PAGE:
The Affect Heuristic

Author: Eliezer Yudkowsky. Link to original: http://lesswrong.com/lw/lg/the_affect_heuristic/ (English).
Tags: lesswrong, Rationality Submitted by Remlin 15.07.2013. Public material.

Translations of this material:

into Russian: Аффективная эвристика. Translation complete.
Submitted for translation by Remlin 15.07.2013 Published 3 years, 10 months ago.

Text

The affect heuristic is when subjective impressions of goodness/badness act as a heuristic—a source of fast, perceptual judgments. Pleasant and unpleasant feelings are central to human reasoning, and the affect heuristic comes with lovely biases—some of my favorites.

Let's start with one of the relatively less crazy biases. You're about to move to a new city, and you have to ship an antique grandfather clock. In the first case, the grandfather clock was a gift from your grandparents on your 5th birthday. In the second case, the clock was a gift from a remote relative and you have no special feelings for it. How much would you pay for an insurance policy that paid out $100 if the clock were lost in shipping? According to Hsee and Kunreuther (2000), subjects stated willingness to pay more than twice as much in the first condition. This may sound rational—why not pay more to protect the more valuable object?—until you realize that the insurance doesn't protect the clock, it just pays if the clock is lost, and pays exactly the same amount for either clock. (And yes, it was stated that the insurance was with an outside company, so it gives no special motive to the movers.)

All right, but that doesn't sound too insane. Maybe you could get away with claiming the subjects were insuring affective outcomes, not financial outcomes—purchase of consolation.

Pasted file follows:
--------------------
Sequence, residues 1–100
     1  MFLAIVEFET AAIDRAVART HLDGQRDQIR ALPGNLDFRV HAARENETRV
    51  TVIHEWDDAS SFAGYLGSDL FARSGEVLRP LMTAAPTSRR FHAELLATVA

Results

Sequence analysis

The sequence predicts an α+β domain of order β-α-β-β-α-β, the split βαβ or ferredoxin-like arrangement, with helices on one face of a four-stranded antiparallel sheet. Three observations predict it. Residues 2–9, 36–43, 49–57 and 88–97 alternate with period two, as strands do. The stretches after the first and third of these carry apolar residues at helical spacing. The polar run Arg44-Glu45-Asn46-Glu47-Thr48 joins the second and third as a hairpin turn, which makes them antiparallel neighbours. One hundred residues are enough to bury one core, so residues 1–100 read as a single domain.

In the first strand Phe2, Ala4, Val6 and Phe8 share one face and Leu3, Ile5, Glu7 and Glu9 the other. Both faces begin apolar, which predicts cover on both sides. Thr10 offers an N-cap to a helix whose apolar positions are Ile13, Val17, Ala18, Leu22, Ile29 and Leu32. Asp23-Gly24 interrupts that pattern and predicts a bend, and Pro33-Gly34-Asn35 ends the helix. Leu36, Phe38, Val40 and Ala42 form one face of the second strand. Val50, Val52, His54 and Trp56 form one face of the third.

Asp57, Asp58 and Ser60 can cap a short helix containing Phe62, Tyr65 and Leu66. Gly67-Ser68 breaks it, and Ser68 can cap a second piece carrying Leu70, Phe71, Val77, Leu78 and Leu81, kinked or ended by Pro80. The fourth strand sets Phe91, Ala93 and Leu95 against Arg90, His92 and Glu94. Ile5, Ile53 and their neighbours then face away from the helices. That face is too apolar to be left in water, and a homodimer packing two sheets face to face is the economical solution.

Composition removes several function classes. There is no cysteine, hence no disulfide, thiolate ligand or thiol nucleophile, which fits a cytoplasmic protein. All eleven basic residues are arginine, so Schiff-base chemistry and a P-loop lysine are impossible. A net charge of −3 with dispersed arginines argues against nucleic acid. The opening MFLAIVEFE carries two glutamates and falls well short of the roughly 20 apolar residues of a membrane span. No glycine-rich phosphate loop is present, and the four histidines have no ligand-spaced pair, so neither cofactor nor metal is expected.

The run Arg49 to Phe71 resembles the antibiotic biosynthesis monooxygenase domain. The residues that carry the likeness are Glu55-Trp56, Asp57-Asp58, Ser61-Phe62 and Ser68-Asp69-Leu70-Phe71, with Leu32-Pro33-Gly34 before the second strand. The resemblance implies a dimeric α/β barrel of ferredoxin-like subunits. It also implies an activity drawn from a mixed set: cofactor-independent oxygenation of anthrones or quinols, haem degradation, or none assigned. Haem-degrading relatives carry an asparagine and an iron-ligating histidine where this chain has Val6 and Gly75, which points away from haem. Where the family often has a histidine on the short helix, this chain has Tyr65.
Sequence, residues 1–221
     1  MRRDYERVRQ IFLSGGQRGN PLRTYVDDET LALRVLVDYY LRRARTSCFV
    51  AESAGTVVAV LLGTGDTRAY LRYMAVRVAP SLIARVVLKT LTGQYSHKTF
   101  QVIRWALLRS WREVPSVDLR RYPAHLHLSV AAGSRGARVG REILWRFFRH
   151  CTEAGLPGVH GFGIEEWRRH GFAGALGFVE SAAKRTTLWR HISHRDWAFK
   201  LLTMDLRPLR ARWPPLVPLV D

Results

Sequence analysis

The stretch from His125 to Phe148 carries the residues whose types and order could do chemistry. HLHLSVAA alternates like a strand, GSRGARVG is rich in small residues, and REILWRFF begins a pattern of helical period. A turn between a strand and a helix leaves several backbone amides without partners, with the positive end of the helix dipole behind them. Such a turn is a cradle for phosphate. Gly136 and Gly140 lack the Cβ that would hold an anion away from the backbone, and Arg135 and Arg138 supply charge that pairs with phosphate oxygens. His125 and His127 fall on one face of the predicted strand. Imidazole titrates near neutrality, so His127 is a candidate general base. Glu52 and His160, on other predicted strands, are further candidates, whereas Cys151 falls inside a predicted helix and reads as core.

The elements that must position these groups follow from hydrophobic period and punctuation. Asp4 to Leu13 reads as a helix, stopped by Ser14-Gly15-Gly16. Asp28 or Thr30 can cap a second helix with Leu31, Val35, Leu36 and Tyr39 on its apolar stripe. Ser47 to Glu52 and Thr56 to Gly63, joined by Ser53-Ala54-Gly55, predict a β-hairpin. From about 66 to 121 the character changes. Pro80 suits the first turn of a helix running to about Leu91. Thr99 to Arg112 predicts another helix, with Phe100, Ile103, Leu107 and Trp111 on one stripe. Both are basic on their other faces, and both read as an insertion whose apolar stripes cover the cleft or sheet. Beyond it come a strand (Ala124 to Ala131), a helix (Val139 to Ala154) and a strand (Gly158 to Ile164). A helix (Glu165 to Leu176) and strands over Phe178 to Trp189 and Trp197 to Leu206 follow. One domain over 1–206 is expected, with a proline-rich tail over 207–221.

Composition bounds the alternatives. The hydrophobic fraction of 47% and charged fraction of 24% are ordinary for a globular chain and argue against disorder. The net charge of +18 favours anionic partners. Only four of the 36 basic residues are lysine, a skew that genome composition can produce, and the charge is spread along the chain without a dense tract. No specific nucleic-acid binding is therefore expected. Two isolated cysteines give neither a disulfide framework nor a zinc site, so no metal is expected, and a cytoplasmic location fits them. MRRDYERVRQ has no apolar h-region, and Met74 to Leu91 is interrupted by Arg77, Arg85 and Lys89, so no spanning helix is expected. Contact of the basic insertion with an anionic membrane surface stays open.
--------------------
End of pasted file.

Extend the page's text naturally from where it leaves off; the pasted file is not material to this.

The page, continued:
Then how about this? Yamagishi (1997) showed that subjects judged a disease as more dangerous when it was described as killing 1,286 people out of every 10,000, versus a disease that was 24.14% likely to be fatal. Apparently the mental image of a thousand dead bodies is much more alarming, compared to a single person who's more likely to survive than not.

But wait, it gets worse.

Suppose an airport must decide whether to spend money to purchase some new equipment, while critics argue that the money should be spent on other aspects of airport safety. Slovic et. al. (2002) presented two groups of subjects with the arguments for and against purchasing the equipment, with a response scale ranging from 0 (would not support at all) to 20 (very strong support). One group saw the measure described as saving 150 lives. The other group saw the measure described as saving 98% of 150 lives. The hypothesis motivating the experiment was that saving 150 lives sounds vaguely good—is that a lot? a little?—while saving 98% of something is clearly very good because 98% is so close to the upper bound of the percentage scale. Lo and behold, saving 150 lives had mean support of 10.4, while saving 98% of 150 lives had mean support of 13.6.